‘Tis the season for all things pumpkin-y; and not just in baked goods, though those are delicious. Porches, store-fronts, and even parks are all decorated with pumpkins, squash, and gourds at this time of year. And it begs the question: what is a pumpkin and how is it different from a squash or gourd? (Or maybe only I wonder about these things?)
When people find out that I have a MS degree in weed science they usually end up asking me if I can come take care of the weeds in their yard. I usually tell them probably not, but that I can tell them which weeds they have – which is half the battle. Weed identification has been a major part of my job – first as the weed biology and management lab instructor, and then as a presenter at the annual Utah Weed Control Association and Utah Weed Supervisors Association annual meetings.
Once again, I found myself with an abundance of apples this fall. But I didn’t get them all at once, so I never felt like I had enough to make applesauce. I made some apple crisp, and some apple pie, ate them plain, and then I got a new bag of apples that I needed to do something with. I decided to do something new (for me) and make apple butter. Continue reading
This post originally appeared on Gardening Know How as an invited guest blog. The version here is the same, with the addition of a couple more photos.
I have long been fascinated by seeds, as my elementary school self with her shoebox full of horse-chestnuts (Aesculus hippocastanum) can attest. It turns out this fascination served me well when I became a graduate student. As part of my research on different methods to control downy brome (Bromus tectorum), I counted thousands and thousands of downy brome seeds to document the effects of those different methods. If you’ve ever wondered what a plant science graduate student does, you can bet that counting seeds is part of it.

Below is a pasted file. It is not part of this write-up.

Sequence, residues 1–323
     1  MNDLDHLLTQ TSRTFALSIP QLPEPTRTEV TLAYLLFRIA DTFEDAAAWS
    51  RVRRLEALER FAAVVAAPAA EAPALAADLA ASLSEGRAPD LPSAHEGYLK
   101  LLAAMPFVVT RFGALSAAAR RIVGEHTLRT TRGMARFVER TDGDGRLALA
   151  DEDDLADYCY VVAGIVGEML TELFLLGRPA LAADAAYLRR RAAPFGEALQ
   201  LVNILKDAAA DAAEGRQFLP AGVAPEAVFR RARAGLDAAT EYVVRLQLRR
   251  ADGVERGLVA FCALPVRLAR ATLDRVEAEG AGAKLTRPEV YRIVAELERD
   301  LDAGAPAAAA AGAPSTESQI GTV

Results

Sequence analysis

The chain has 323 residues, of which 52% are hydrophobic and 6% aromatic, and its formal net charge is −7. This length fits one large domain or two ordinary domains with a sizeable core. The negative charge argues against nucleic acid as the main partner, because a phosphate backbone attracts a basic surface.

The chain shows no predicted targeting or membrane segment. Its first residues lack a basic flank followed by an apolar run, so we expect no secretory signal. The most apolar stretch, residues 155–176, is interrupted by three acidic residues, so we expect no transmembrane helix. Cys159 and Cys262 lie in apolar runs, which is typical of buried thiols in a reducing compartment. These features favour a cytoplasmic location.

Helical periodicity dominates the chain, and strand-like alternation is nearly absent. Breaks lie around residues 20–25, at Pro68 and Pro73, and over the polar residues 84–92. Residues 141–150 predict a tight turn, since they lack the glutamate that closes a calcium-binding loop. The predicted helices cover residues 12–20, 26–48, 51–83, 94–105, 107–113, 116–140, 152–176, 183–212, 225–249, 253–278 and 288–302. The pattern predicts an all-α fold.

Walking across campus this week, I just couldn’t help but pick up a few horse chestnuts.
Fall is in full swing here in Northern Utah, and we’ve been loving it! From the cooler temps to the colorful leaves to the crisp apples and the blue sky, there’s a lot to love; and fall gardening should be added to that list. If when you think about fall gardening you only think of all the leaves to be raked and garden spaces to be prepped for winter, here’s a list of four reasons why fall gardening is something to be loved.